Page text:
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Is It Safe to Eat Expired Eggs?

Is It Safe to Eat Expired Eggs?
© Provide by Reader's Digest

By Kelsey Mueller, Reader's Digest

Has that carton of eggs been languishing in your fridge? If the egg expiration date has passed, don't rush to ditch the eggs. Here's what that date really means, and how to tell if eggs are safe.

There are two types of people: those who throw food away the minute it passes its expiration date, and those who proudly break open expired cans, polish off languishing leftovers, and chow takeout boxes with mysterious origins. I’m definitely in the former camp, except when it comes to one type of food: eggs.

The reason? Eggs take a very long time to go bad— even if you have speckled eggs or notice stringy white stuff in your eggs. There’s also a simple test to spot expired eggs before you crack them. Just make sure you’re removing eggs from the carton the right way before you start.

Read More: This Is the Best Way to Make Scrambled Eggs

What does the date on the carton mean?

Your egg carton is stamped with multiple numbers. First is a date, which is almost always a sell-by date, or the day by which a grocery store has to pull an item off the shelves. The thing is, this is centered around quality and freshness rather than safety or health concerns.

There’s another number on the carton: a three-digit code called the “Julian date.” It’s the day your eggs were put into the carton. It might take you a minute to work it out since it corresponds to a number of the calendar year from one to 365. So 001 would be January 1 and 365 would represent December 31. Again, this number is most useful for determining freshness. New eggs are delicious eaten scrambled, while older eggs are ideal for other recipes, like meringue.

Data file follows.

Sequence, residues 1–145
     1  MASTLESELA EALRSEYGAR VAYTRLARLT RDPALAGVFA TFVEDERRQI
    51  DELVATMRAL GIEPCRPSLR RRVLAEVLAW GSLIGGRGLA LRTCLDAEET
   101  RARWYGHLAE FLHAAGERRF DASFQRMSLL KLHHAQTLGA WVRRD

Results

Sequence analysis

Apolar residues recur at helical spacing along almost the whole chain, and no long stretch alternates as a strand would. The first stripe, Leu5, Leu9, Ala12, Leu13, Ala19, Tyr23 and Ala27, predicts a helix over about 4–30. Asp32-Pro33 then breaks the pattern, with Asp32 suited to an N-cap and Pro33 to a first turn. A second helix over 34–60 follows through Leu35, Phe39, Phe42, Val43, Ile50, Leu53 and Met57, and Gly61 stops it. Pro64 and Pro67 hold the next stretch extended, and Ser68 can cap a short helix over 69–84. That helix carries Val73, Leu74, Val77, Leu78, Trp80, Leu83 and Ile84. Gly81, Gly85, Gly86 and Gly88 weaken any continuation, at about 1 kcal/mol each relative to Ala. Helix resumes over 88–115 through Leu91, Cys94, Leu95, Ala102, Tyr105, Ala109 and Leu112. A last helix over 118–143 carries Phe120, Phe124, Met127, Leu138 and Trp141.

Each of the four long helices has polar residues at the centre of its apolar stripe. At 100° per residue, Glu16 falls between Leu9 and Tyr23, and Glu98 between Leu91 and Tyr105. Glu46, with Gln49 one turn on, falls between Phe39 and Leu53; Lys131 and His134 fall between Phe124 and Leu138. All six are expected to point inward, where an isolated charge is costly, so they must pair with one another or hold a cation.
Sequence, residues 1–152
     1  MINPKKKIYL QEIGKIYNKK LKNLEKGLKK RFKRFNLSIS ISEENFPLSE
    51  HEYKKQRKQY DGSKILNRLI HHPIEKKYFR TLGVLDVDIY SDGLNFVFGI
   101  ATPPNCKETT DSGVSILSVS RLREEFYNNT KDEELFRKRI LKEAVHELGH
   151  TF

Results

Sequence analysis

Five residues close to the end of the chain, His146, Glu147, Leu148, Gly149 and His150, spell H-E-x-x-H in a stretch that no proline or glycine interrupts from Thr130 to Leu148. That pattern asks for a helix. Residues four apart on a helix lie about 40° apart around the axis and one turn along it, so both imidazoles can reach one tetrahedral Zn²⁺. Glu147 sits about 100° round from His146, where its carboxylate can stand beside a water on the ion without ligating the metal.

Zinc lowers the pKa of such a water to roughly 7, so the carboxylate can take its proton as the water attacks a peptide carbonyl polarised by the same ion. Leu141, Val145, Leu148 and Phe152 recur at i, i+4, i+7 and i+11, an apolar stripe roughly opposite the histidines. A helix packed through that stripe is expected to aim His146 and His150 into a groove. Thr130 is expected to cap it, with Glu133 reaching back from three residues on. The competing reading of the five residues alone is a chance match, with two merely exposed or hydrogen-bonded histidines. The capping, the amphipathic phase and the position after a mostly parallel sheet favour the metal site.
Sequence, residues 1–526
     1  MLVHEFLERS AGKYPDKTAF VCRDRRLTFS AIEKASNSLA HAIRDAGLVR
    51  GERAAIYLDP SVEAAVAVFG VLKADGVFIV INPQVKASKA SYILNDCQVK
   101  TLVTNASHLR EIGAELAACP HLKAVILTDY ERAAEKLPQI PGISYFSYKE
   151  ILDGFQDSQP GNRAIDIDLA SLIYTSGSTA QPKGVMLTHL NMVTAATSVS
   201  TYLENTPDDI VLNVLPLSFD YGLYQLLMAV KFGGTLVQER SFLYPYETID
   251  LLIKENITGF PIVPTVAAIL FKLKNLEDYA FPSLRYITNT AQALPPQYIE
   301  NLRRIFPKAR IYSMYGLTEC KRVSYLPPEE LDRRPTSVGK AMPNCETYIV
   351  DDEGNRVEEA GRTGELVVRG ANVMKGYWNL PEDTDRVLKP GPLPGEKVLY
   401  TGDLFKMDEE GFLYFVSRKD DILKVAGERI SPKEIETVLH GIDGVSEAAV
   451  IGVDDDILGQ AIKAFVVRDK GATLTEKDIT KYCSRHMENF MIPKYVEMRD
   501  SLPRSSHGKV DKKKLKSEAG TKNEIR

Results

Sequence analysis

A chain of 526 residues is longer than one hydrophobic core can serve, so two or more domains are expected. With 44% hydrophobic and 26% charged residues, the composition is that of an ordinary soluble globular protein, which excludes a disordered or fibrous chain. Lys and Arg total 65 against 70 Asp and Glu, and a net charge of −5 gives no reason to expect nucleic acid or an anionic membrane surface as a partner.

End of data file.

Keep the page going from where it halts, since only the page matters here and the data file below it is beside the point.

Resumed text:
According to the United States Department of Agriculture, eggs can be sold for up to 30 days after they were packaged. So even if they’re in stock and not expired, they might be weeks old. Look, we know how stressful grocery shopping can be, but checking the Julian date is an extra step worth taking. If you don’t want to whip out your calendar and calculator (we don’t blame you), here’s a general rule of thumb to follow. If you’re buying eggs in early to mid-January, look for lower numbers (015 will be significantly fresher than 364). If you’re buying eggs later in the year, look for the highest number possible.

Read More: Bright Orange Yolks Don’t Necessarily Mean High-Quality Eggs. Here’s Why

How to tell if your egg is fresh

Do the float test! Fill a glass with water and drop the egg in. If it floats, the egg has gone bad. Discard it. Here’s the safety net: Bad eggs aren’t discreet. Most will smell like sulfur and basically scream that they’re off.

How long can you use eggs beyond the date?

The float test is helpful, but it’s also handy to know a general time frame. Eggs stay fresh between three and five weeks beyond the sell date. That’s a big window!

See more at Reader's Digest




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Food Magazine: Is It Safe to Eat Expired Eggs?
Is It Safe to Eat Expired Eggs?
How long have you had that carton in your fridge? Here's how you tell if eggs are safe and what the egg expiration date really means.
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